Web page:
1. I love The Mystery of Mercy Close! This is the book that made me love Helen the most of the Walsh sisters. The names of the paint colors are really amuse me, too.

  29. I’m reading Dorothy Dunnett Queen’s Play, the second in the Lymond chronicles. Set in France on 1548. Mary Queen of Scots is 7. Very entertaining, Lymond is pretending to be Irish. Lots of fun and political intrigue. Perfect holiday read as it entertaining but quite dense so it’s not too quick a read.

    Before that Philip Hensher The Mulberry Empire. About lead up to the first British Afghan war (1830s). Should have been more interesting. I felt like he couldn’t decide if it was straight historical fiction or knowing author stuff.

    1. The Lymond series is one of my all time favourites. Too dense for my life right now, but I will ALWAYS have a soft spot for this highly strung Scot <3

      1. It’s one of my favorites, too! It’s been years since I reread the whole series, will have to think about another reread.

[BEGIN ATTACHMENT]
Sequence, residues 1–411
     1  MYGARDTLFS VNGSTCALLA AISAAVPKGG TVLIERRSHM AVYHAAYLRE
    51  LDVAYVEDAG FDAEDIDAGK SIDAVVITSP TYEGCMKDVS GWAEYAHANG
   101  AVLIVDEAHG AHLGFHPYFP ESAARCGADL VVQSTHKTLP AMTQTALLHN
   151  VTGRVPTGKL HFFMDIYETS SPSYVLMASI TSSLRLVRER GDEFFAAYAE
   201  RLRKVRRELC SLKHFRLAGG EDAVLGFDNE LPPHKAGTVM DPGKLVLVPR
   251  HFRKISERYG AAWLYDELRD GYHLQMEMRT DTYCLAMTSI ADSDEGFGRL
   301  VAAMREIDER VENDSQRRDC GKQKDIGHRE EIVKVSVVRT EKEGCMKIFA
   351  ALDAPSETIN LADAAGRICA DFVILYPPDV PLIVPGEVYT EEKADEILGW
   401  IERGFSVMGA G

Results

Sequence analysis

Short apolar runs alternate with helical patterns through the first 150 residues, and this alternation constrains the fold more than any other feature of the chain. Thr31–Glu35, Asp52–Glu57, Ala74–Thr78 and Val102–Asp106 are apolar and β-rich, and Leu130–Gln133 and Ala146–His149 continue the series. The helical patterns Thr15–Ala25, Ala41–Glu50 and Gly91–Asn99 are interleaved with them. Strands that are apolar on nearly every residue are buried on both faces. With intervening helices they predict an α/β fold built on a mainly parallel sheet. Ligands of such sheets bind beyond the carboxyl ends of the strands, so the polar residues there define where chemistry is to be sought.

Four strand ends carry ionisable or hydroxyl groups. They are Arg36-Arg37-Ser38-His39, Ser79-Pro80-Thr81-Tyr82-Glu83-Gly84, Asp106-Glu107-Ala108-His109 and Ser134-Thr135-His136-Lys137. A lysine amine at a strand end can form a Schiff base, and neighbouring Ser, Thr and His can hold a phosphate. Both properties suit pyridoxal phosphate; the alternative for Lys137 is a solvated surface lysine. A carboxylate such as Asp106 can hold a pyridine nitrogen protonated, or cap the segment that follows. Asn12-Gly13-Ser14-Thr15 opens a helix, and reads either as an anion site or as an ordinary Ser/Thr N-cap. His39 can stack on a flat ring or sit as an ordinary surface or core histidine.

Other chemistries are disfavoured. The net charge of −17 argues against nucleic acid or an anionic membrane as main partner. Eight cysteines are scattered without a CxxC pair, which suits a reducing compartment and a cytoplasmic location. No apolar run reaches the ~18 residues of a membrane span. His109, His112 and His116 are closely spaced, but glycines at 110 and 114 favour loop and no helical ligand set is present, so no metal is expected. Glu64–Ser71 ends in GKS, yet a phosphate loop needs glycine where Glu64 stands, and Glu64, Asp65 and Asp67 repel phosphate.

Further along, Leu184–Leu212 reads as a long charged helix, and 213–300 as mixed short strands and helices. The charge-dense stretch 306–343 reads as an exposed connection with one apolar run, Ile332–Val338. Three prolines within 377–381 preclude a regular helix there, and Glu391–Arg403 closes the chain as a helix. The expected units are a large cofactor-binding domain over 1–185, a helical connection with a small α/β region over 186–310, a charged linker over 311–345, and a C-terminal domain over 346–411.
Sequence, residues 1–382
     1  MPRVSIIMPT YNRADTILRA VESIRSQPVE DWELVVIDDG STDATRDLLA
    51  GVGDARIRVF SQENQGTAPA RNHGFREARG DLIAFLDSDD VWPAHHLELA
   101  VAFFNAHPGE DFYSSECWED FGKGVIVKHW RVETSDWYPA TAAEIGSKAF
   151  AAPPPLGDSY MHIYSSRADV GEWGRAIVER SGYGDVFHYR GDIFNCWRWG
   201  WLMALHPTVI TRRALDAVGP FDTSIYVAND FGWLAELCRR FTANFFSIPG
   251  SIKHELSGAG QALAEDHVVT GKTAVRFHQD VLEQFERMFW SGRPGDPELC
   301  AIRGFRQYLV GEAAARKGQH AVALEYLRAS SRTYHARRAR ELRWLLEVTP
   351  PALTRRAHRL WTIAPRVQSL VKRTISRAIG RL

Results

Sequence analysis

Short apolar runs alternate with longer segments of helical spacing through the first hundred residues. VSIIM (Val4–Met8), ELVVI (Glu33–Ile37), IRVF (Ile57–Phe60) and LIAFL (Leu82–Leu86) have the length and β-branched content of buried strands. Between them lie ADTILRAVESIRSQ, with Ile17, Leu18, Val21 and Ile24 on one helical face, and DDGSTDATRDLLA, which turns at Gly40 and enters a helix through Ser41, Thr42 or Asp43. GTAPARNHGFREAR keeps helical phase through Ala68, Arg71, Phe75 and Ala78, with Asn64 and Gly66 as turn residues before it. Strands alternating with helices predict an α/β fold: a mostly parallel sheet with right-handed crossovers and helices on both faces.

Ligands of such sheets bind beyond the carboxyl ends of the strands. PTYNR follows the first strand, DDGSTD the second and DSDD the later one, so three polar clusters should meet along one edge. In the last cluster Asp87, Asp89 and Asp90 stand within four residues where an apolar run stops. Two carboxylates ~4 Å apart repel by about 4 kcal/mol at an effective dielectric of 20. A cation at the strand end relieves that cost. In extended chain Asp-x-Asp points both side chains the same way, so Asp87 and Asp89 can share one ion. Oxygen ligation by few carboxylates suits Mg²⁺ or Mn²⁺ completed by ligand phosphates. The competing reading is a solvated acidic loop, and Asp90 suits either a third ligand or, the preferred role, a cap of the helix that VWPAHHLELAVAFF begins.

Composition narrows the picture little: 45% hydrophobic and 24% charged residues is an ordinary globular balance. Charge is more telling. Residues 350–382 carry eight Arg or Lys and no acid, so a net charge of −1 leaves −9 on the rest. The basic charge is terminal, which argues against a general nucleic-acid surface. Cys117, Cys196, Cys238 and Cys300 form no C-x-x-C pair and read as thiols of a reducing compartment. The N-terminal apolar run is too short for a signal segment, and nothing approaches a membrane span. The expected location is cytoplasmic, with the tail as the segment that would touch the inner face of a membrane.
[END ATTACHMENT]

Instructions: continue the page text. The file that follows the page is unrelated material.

1. Yes, mine too! Though I haven’t been able to bring myself to reread Pawn in Frankincense – that was way too much heartbreak for me.

  30. Victoria Goddard has come out with two new novellas. Clary Sage, which is a prequel to the Greenwing and Dart series, about Hal, Jemis’ roommate at Morrowlea, on how he came to go to Morrowlea.

    The second is Derring-do for Beginners, which is about how Damian, Jullanar and Fitzroy met. They’re all in their late teens and it feels like a YA book, but an interesting one.

    Someone here recommended Deathmark by Kate Stradling, as well as the book that inspired it, The Blue Castle by L.M. Montgomery. I enjoyed Deathmark though it was a bit slow and I had a little bit of trouble with the plot. Deathmark was set in a fantasy world and The Blue Castle is set in 1920’s Canada. The first quarter of The Blue Castle was a struggle, slow and the main character is subjected to constant emotional abuse that gets a little hard to deal with, but once the main character escapes/leaves home it’s pretty good.